Many of us today would have Musigny as a top 3 or 4 and would look for Bonnes-Mares, Amoureuses, La Romanée, Clos St-Denis, and maybe various others to rank higher.

    But Romanée-Conti is a constant on these and other lists I've seen as No. 1.

    And if you think that these move around a lot, you should check historical rankings of German vineyards (although Kirchenstück in Forst is consistently the greatest in the Pfalz, if not all of Germany).
     
  20. That's really interesting Claude.

    The fact that quality rating has always been evolving shows that climate change really might be affecting pecking orders more than we believe.
     
  21. A possible conclusion, Alex but not the only one. And indeed all the rankings quoted by Claude are pre climate change with the possible exception of CC though he would have come to those conclusions over a long period rather than specifically in 1997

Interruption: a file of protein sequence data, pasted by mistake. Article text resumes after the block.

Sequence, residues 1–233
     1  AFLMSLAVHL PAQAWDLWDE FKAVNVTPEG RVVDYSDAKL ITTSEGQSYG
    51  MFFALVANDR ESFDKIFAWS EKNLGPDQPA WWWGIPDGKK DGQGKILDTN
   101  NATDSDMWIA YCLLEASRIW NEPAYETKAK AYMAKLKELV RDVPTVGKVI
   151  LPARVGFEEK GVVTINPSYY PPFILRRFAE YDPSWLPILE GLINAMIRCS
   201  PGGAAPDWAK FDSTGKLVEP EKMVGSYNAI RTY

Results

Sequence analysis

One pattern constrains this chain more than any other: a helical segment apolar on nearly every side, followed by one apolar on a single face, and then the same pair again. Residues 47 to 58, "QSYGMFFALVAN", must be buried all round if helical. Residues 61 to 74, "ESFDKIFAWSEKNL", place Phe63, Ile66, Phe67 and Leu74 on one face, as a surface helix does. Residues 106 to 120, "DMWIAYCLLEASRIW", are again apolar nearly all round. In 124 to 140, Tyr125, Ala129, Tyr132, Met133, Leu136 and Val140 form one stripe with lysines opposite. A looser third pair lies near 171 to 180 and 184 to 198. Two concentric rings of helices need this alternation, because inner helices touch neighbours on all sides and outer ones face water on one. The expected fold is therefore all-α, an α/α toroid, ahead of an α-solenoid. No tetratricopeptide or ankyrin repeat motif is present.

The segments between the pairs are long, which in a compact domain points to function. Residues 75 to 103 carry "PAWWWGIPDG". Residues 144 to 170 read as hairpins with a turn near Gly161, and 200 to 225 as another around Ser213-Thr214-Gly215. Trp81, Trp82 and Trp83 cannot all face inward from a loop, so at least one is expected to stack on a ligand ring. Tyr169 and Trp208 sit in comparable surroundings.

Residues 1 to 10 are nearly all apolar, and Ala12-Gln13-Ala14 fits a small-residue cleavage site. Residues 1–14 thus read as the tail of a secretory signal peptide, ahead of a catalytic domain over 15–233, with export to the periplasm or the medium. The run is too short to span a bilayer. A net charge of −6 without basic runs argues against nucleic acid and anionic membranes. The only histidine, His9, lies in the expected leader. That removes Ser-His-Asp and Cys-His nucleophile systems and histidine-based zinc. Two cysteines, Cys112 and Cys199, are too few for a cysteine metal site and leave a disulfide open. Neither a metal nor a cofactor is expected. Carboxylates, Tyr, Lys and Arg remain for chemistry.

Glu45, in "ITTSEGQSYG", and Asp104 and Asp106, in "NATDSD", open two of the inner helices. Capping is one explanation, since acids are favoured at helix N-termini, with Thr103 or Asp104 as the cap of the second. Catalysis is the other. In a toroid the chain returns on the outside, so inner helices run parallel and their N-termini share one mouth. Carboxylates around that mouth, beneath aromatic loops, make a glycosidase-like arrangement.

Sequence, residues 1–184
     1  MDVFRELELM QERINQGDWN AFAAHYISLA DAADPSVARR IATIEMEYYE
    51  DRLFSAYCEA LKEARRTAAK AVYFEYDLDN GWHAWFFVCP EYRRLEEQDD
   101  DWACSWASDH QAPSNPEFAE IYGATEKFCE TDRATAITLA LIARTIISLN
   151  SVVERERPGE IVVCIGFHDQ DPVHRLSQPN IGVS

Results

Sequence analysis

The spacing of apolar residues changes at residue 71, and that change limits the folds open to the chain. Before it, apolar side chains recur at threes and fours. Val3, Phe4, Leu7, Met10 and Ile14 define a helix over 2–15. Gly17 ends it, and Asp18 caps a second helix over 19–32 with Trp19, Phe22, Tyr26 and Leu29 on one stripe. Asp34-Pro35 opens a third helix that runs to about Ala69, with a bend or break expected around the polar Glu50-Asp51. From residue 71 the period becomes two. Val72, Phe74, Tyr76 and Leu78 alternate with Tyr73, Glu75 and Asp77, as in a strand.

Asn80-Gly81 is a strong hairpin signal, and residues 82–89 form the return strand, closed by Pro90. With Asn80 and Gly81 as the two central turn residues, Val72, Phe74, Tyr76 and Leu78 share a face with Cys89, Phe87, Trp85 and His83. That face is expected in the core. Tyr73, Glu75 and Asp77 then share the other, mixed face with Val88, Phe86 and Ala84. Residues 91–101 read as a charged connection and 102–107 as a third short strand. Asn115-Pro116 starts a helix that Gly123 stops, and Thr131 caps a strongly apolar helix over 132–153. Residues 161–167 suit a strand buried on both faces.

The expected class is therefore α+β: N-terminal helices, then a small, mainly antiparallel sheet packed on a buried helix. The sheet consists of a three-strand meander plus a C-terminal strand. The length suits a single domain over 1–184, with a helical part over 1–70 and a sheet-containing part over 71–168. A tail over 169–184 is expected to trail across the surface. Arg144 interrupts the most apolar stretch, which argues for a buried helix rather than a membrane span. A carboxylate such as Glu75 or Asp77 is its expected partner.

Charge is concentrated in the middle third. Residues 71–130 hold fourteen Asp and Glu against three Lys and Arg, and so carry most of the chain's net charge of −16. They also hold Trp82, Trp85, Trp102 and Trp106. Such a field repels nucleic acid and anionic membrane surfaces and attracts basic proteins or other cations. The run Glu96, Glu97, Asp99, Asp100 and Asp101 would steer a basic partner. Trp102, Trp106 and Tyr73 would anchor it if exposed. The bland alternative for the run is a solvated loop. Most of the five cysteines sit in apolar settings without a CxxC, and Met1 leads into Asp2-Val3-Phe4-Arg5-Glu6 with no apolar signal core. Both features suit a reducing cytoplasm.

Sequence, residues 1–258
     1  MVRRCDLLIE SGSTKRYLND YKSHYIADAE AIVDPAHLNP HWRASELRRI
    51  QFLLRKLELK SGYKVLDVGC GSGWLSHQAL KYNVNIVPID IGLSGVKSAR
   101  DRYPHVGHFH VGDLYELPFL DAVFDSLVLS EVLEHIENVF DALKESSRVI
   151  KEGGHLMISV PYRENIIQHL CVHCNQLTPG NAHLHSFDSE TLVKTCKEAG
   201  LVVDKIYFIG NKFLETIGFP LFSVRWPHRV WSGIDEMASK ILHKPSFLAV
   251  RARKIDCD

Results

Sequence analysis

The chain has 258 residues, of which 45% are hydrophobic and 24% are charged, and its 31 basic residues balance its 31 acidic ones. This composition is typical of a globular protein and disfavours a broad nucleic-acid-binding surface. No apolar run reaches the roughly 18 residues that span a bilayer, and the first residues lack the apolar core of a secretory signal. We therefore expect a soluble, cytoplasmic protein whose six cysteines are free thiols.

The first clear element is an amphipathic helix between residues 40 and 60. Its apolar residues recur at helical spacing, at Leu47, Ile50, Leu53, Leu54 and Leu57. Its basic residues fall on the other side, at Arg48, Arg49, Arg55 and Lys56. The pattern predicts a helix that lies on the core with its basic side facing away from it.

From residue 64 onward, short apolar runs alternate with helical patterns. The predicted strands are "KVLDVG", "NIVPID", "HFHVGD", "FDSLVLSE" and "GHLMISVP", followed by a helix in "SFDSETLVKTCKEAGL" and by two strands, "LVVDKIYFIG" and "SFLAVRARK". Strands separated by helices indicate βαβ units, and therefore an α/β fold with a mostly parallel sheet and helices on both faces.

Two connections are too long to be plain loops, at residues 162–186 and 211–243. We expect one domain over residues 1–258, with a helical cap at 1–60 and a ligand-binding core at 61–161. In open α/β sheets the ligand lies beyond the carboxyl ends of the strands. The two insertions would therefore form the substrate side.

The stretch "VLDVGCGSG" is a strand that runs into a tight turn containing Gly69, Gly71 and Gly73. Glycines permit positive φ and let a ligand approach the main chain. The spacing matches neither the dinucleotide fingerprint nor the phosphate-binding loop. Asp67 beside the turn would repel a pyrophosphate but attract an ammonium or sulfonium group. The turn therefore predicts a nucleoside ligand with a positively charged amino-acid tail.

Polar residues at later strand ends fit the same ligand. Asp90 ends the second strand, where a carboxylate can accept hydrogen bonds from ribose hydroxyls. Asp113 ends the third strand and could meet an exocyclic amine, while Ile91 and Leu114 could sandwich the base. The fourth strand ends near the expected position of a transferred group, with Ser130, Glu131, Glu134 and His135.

Another explanation is a different level of knowledge and/or some vineyards being raised or lowered according to the standard of their best known (not necessarily best) producer
     
    Thom Blach, Alex Jagger and Alex Lake like this.
  22. Indeed interesting! However, I don't mean to pick a fight(!), but I would be looking elsewhere before attributing such evolution of fashion to climate change.
     
  23. Not sure when "before climate change" might be!

    Pre-ind_period_global_temp_change.png
     
    Jeremy Caan likes this.
  24. Perhaps I could have phrased it better with tthe intention being to reference warmer vintages, early rioening and changes to the growing season etc.